Delivery Magazine

Neil Dowling



Iveco has pushed its truncated bonnet around city streets for years and continues to polish its Daily van models with sensible size, price and load-carry ability. 

But we all either want a bargain or just want the basics, so here is the Daily in its rawest form. The Daily 35S13V low roof, short wheelbase van slips in at $50,710 plus onroad costs, undercutting its rivals on a payload-per-buck equation in its class. 

It received an update last year that was a bit of a blink-and-miss-it affair with basically a dash-top tray, USB port and new two-tone upholstery to mark the occasion. 

But it is a bit of icing on what is already a bit of a gem. The 35S13V - 35 is the model, 13 is a corruption of the 126hp engine output - and is available in different wheelbases and roof heights. 

It is noted for its durability, primarily focused on its ladder frame that expressly allows for an easy wheelbase extension, chassis strength for a high payload, and the rigidity to allow it to become a capable tow vehicle with a trailer of up to 3200 kg. 

IVECO was historically part of the CNH Group, together with subsidiary FPT (Fiat Powertrain) that provides the engines for the Daily range. In Q3 of 2019, CNH announced its intention to separate IVECO and FPT, together with IVECO Bus and Heuliez Bus into a sperate company by 2021. CNH will continue with its tractor business and construction equipment divisions, as well as fire-fighting trucks. 

In the case of the entry-level van, the 35S13V has a 2.3-litre four-cylinder turbodiesel rated at 94 kW at 3000- 3600 rpm and torque of 320 Nm at 1800-2500 rpm.

This 2.3-litre engine has a high-pressure EGR system for a Euro5 rating. The company claims the el-cheapo Daily will get an average of 7.1 l/100 km and, on the city cycle, a commendable 7.9 l/100 km for a van with a GVM of 3800 kg. 

Good news for the operator who wants to get on the road and stay there as long as possible without interruption is the 100-litre fuel tank. That indicates an average range of 1400 km or a city run that will last 1265 km. 

The Daily is a rear-wheel drive and has a six-speed manual transmission, operated by a small dashboard-mounted lever. 

This variant doesn’t skimp on space. The single side door has an opening of 1440 mm high and 1100 mm wide, while the rear barn doors - which open to 270-degrees - accept cargo up to 1450 mm high and 1530 mm wide.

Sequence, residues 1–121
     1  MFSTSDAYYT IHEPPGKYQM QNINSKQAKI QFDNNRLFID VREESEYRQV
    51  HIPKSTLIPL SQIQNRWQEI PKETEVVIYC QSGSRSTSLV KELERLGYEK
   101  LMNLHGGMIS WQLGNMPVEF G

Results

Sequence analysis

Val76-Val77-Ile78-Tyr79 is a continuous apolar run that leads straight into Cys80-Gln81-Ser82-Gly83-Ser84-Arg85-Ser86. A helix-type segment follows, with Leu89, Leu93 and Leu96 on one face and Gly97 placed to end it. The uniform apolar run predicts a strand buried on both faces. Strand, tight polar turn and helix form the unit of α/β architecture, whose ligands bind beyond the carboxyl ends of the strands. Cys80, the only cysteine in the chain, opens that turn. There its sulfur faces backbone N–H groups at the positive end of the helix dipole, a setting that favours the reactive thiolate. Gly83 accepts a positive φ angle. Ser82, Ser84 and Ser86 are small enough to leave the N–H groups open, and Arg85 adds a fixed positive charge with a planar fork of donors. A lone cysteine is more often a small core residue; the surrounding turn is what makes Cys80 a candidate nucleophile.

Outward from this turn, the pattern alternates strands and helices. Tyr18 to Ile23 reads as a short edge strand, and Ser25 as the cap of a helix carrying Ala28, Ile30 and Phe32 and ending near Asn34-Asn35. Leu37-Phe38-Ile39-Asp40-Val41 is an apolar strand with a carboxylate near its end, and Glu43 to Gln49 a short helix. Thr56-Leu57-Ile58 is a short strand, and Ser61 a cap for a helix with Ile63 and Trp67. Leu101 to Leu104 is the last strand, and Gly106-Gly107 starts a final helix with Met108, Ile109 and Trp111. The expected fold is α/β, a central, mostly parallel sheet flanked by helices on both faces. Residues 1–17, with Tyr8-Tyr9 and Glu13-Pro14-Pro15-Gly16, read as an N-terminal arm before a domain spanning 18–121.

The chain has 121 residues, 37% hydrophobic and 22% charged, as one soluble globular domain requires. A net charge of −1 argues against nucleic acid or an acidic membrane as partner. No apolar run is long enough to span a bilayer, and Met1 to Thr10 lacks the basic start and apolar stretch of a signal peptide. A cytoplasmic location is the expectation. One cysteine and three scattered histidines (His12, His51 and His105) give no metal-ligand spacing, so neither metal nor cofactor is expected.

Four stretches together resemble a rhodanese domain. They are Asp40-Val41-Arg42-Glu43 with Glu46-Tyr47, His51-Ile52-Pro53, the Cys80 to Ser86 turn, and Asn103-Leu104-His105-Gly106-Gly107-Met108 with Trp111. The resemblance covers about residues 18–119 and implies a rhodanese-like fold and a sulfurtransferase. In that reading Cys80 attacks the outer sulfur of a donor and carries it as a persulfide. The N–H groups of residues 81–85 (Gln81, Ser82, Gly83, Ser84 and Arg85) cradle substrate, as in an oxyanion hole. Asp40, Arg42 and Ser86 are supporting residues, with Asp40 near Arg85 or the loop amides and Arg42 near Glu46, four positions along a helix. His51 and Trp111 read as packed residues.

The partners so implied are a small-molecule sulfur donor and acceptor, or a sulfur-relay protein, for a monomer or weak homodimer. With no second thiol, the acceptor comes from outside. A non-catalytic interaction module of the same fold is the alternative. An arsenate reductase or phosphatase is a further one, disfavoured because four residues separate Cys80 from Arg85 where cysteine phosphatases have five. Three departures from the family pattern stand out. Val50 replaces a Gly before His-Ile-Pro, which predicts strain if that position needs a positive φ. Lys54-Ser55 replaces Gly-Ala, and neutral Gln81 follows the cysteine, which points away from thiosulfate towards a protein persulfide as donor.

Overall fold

Inside, the cargo area has a volume of 7.3 cu.m and stretches 2610 mm long and 1740 mm wide, with the wheel arches reducing that to 1317 mm. The height is 1545 mm. It’s also low to the ground with a floor height of 755 mm. 

For extra safety, there is a bulkhead behind the cabin. All up the van will take a payload of 1669 kg and thanks to that full chassis, tow up to 3200 kg for a braked trailer. 

Under the chassis is a double wishbone front suspension with a transverse leaf spring, and at the rear is the traditional leaf spring arrangement. The steering is a hydraulically power assisted rack and pinion design. 

The garage dimensions are a credit card short of 5.7 m long and 2.34 m high, with width of 2 m, so suitable for most spaces where a medium-roof or high-roof version wouldn’t fit.

Where the Daily shines is its build strength and space, but in its entry-level form, it could do with a bit of extra convenience and safety equipment. 

Out of the box the 35S13V gets four airbags, four-wheel disc brakes and ESC with brakeforce distribution, daytime running lights and a hill holder. There is an option pack with lane-departure warning and even a reverse camera, while a separate pack called Business Premium at $2200 which has a reverse camera, reverse buzzer, fog lights and a multimedia system with sat-nav. 

Other standard features are cruise control, manual air conditioning, Bluetooth, electric and heated mirrors and electric windows. 

Inside the cabin, the space is excellent with seating for three people. Storage opportunities are commendable, with a dash-top tray, big areas in the dash, large cubby holes in the doors (and on top of the doors) and a giant bin under the two passenger seats that secures large items out of sight of light fingers.

The basic cabin layout is simple and has a bus-driver seating position with the near-flat steering wheel. However forward and side visibility are very good, enhanced by the double-size side mirrors that rank as some of the largest standard offerings in the industry. 

On the road the Daily is a brisk van with an enjoyable gear change and solid road manners. The engine makes itself known at low speeds but is quiet when cruising, especially on freeways where the gearbox’s two top ratios are overdrives. The ride is firm when empty, but supple when there’s a load aboard. 

Ownership benefits of the Daily start with the three-year or 200,000 km warranty and a service interval that is annual or up to 40,000 km - again saving on the owner’s time away from the driver’s seat. 

There are other features as well, including the three-piece front bumper to reduce the cost of replacement, and even time-savers such as the step built into the front bumper to make it easy to reach the windscreen for cleaning. Buyers get free roadside assistance for the warranty period and IVECO also has service agreements available to suit owner-specified needs.